Human electrocortical dynamics while stepping over obstacles.
- Additional Document Info
- View All
To better understand human brain dynamics during visually guided locomotion, we developed a method of removing motion artifacts from mobile electroencephalography (EEG) and studied human subjects walking and running over obstacles on a treadmill. We constructed a novel dual-layer EEG electrode system to isolate electrocortical signals, and then validated the system using an electrical head phantom and robotic motion platform. We collected data from young healthy subjects walking and running on a treadmill while they encountered unexpected obstacles to step over. Supplementary motor area and premotor cortex had spectral power increases within ~200ms after object appearance in delta, theta, and alpha frequency bands (3-13Hz). That activity was followed by similar posterior parietal cortex spectral power increase that decreased in lag time with increasing locomotion speed. The sequence of activation suggests that supplementary motor area and premotor cortex interrupted the gait cycle, while posterior parietal cortex tracked obstacle location for planning foot placement nearly two steps ahead of reaching the obstacle. Together, these results highlight advantages of adopting dual-layer mobile EEG, which should greatly facilitate the study of human brain dynamics in physically active real-world settings and tasks.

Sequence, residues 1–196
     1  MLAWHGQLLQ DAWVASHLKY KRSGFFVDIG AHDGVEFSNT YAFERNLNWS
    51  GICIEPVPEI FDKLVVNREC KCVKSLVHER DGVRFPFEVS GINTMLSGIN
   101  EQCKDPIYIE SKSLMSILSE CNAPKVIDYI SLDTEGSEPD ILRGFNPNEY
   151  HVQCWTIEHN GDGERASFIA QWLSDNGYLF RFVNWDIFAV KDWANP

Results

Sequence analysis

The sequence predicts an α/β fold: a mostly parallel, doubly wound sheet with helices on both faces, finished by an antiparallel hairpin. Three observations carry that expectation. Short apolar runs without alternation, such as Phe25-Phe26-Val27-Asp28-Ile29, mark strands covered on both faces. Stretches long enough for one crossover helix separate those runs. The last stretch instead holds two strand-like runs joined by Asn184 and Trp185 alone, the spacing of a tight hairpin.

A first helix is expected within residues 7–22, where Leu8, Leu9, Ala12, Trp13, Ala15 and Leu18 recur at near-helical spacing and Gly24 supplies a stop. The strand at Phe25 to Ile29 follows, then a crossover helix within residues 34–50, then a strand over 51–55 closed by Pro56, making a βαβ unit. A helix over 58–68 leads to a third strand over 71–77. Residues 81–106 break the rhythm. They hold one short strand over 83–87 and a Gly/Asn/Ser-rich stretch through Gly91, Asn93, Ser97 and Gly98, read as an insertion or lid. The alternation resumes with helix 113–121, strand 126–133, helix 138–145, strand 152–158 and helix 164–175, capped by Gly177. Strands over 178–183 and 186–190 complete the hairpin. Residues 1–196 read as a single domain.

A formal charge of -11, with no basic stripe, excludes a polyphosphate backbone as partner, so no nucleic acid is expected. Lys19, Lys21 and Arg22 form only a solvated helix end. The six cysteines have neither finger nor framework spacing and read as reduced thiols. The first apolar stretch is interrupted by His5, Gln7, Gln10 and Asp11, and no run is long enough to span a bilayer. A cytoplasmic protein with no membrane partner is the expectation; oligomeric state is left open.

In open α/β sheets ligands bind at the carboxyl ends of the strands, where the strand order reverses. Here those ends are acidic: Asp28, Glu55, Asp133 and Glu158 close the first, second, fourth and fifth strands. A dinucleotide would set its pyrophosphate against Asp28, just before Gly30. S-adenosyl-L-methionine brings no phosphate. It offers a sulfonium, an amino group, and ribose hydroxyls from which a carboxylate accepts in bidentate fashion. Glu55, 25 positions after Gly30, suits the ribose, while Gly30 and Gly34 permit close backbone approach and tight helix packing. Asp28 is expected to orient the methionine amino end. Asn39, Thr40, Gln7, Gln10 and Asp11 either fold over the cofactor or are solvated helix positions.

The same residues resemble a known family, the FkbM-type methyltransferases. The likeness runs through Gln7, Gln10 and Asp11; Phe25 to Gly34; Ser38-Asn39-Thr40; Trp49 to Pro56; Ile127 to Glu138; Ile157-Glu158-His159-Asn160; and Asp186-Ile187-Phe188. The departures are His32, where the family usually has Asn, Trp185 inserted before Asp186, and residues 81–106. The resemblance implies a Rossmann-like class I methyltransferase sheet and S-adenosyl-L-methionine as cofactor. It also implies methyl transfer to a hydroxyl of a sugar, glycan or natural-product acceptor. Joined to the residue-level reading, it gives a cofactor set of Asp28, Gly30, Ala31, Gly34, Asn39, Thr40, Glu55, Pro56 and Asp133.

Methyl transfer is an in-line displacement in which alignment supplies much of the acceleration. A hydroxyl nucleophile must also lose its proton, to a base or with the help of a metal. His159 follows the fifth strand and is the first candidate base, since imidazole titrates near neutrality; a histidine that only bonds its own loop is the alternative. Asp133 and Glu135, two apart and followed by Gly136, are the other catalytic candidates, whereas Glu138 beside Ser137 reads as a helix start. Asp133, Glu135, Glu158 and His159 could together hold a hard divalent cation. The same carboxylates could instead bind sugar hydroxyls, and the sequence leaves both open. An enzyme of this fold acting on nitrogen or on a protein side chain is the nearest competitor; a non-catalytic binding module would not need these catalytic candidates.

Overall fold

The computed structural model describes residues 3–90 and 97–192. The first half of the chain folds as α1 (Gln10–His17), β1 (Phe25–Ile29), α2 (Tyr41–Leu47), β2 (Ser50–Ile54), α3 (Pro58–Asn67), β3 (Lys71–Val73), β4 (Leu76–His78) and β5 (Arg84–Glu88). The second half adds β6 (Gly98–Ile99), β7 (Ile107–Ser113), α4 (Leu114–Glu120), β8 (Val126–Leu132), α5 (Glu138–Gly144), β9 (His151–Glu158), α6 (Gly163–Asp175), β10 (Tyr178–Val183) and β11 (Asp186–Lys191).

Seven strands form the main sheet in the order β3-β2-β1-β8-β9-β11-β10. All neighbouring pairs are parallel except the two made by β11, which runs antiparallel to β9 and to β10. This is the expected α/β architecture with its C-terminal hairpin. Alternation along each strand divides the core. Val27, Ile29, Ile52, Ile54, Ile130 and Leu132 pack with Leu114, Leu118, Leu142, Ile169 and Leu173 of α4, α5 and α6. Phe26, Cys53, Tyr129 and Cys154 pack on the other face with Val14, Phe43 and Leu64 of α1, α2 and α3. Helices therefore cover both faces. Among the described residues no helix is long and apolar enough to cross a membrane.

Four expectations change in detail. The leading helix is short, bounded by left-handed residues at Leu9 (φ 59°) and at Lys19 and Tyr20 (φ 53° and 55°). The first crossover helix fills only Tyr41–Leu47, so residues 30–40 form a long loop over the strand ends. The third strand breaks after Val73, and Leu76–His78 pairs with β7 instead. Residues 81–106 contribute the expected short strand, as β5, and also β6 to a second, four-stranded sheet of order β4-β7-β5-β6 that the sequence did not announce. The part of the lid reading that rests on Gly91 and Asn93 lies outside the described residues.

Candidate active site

author list (cited authors)
Nordin, A. D., Hairston, W. D., & Ferris, D. P.
complete list of authors
Nordin, Andrew D||Hairston, W David||Ferris, Daniel P